The Big Dry

In my series of images, “The Big Dry” I have created pictorial depiction that looks at a small piece of the Anthropocene and how it has impacted my local environment, specifically the riparian zone of the Namoi river.

The damming of the Namoi river was first proposed in the 1890’s, a time that coincides with the early industrial revolution; a period recognised as the beginning of the Anthropocene.

In the early days of farming in the Namoi Valley, farmers relied on artesian water to supplement variable river flows. In the 1930s it was recognised that the Artesian water levels were beginning to fall and in 1939 construction of the Keepit Dam began.

Keepit Dam was completed in 1960. Construction was halted during the five years of World War II resulting in a sixteen-year construction period.

The dam wall is 533 metres long and 55 metres high resulting in a 44 square kilometre lake that has a capacity of 425,000 megalitres.

The current drought across regional NSW commenced in mid-2017 and has resulted in the depletion of water levels behind the Keepit Dam. The dam currently holds less than 1% of it its capacity.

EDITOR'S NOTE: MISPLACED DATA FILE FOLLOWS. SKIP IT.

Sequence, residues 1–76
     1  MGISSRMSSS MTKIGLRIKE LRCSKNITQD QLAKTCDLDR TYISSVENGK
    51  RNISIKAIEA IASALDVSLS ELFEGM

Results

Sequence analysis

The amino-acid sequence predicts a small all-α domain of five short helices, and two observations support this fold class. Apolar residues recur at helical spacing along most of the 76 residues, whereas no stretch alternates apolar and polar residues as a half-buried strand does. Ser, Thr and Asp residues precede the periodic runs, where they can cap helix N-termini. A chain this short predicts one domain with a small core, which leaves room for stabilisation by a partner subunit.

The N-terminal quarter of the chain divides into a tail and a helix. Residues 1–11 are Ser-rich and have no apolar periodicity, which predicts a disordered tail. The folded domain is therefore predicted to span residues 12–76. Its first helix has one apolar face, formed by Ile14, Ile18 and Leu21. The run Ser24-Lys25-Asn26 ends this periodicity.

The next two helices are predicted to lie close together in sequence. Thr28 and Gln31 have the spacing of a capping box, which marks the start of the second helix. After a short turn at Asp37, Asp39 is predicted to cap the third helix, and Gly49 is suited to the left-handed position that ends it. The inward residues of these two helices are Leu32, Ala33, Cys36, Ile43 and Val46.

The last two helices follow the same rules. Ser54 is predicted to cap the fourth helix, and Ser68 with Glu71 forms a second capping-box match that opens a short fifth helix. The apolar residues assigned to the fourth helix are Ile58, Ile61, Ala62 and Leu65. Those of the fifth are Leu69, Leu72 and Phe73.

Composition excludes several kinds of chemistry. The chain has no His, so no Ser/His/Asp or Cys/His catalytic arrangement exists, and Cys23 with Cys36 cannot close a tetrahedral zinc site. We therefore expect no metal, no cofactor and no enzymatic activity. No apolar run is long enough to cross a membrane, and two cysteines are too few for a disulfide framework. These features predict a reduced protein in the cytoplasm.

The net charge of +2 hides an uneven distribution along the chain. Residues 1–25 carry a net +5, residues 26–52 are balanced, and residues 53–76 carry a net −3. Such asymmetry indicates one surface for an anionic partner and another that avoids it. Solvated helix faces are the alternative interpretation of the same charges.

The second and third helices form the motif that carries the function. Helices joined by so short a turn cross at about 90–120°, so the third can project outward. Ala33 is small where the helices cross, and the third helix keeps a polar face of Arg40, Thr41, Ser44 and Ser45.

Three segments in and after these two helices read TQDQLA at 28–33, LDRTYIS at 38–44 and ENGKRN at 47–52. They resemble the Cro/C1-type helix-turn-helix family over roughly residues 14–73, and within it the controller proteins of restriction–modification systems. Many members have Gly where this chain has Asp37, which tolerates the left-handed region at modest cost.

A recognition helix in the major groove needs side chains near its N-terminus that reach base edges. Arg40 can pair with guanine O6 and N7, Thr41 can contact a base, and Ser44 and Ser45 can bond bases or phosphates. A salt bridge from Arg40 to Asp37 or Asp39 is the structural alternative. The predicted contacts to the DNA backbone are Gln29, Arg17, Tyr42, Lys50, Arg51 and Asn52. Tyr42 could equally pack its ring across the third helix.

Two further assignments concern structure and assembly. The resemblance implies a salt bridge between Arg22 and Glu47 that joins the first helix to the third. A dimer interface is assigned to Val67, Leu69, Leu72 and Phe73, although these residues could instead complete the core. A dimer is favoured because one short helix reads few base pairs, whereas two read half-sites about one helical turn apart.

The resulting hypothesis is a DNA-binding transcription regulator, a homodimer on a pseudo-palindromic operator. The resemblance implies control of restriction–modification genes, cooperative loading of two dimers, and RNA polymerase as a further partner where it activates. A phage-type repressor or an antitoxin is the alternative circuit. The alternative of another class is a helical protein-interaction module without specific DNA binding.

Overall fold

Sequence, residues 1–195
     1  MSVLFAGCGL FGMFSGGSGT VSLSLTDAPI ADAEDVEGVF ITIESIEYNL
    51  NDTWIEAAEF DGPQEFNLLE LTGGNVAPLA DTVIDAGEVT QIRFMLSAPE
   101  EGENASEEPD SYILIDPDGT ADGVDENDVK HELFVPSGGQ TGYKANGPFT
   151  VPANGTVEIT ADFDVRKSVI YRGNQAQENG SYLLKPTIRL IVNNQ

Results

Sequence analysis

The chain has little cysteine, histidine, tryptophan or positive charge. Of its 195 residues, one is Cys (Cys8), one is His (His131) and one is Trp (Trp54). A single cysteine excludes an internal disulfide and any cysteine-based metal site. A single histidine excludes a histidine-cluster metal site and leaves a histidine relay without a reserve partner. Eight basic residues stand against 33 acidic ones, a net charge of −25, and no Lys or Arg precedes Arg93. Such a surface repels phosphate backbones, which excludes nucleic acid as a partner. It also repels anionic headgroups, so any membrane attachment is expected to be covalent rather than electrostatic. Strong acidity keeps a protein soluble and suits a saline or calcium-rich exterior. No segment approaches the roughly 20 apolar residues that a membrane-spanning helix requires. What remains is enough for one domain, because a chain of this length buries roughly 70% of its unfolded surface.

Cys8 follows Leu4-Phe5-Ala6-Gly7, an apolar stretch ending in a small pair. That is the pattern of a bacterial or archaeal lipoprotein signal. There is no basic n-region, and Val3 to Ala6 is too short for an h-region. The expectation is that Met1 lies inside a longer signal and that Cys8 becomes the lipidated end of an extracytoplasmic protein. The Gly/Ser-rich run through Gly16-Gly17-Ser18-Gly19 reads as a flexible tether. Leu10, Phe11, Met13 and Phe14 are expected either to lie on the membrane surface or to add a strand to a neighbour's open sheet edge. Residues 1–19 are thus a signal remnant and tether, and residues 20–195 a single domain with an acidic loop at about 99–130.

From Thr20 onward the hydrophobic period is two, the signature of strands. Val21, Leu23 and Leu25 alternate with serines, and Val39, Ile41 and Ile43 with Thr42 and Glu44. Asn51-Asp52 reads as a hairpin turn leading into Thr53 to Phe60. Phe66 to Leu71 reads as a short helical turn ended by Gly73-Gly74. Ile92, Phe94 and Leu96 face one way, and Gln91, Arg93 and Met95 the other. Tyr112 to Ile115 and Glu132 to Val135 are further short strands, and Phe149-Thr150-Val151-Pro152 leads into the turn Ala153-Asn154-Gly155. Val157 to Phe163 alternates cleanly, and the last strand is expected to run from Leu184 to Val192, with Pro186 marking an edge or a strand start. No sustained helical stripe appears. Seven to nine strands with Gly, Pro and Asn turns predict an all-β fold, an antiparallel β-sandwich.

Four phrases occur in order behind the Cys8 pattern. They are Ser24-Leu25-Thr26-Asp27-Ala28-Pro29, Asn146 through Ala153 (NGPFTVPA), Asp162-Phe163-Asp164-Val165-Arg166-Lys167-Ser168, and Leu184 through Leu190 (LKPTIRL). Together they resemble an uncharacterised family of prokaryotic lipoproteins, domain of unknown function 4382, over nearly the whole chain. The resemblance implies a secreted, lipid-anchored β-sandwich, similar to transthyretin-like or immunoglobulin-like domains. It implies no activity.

Irrigation water being used to water crops in the Namoi Valley

Irrigation water being used to water crops in the Namoi Valley

The extremely low water level currently being held by the Keepit Dam.

The extremely low water level currently being held by the Keepit Dam.

Low levels and the currently unusable recreation facilities that signify the direct link between the lake’s waters and the local population.

Low levels and the currently unusable recreation facilities that signify the direct link between the lake’s waters and the local population.

The expanse of land once covered by the lake and a tree stump that would have originally been submerged following the 1960 completion of the dam.

The expanse of land once covered by the lake and a tree stump that would have originally been submerged following the 1960 completion of the dam.

Human attempt to recover the riparian zone of a river feeding the dam.

Human attempt to recover the riparian zone of a river feeding the dam.

More human intervention as the sun sets over the Namoi Valley.

More human intervention as the sun sets over the Namoi Valley.

The Indigenous Australian population have inhabited the continent for more than 50,000 years. They have developed systems of agriculture and exploitation of the local food sources that are sustainable. A population and lifestyle that evolved alongside the notion of sustainability and drought tolerance. They weren’t reliant on large-scale water storage or broadacre agriculture. There is a lot to be learnt from their harmony with the ecosystems that surrounded them rather than the European notion that ecosystems should be altered for greater productivity.